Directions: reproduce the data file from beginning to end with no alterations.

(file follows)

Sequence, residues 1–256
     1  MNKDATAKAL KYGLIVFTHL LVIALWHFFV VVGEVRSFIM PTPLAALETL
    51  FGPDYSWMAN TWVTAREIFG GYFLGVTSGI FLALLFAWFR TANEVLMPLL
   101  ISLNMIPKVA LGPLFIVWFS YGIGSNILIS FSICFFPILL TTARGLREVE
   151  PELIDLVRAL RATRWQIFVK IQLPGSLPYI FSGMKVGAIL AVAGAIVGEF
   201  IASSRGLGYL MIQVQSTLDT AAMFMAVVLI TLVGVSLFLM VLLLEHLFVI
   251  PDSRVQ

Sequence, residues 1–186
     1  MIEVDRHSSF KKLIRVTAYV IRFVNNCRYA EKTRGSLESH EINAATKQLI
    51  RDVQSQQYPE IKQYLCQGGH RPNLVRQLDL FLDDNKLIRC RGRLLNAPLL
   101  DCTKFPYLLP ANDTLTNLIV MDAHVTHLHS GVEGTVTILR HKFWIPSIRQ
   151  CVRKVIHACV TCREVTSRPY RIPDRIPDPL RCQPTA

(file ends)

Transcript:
Sequence, residues 1–256
     1  MNKDATAKAL KYGLIVFTHL LVIALWHFFV VVGEVRSFIM PTPLAALETL
    51  FGPDYSWMAN TWVTAREIFG GYFLGVTSGI FLALLFAWFR TANEVLMPLL
   101  ISLNMIPKVA LGPLFIVWFS YGIGSNILIS FSICFFPILL TTARGLREVE
   151  PELIDLVRAL RATRWQIFVK IQLPGSLPYI FSGMKVGAIL AVAGAIVGEF
   201  IASSRGLGYL MIQVQSTLDT AAMFMAVVLI TLVGVSLFLM VLLLEHLFVI
   251  PDSRVQ

Sequence, residues 1–186
     1  MIEVDRHSSF KKLIRVTAYV IRFVNNCRYA EKTRGSLESH EINAATKQLI
    51  RDVQSQQYPE IKQYLCQGGH RPNLVRQLDL FLDDNKLIRC RGRLLNAPLL
   101  DCTKFPYLLP ANDTLTNLIV MDAHVTHLHS GVEGTVTILR HKFWIPSIRQ
   151  CVRKVIHACV TCREVTSRPY RIPDRIPDPL RCQPTA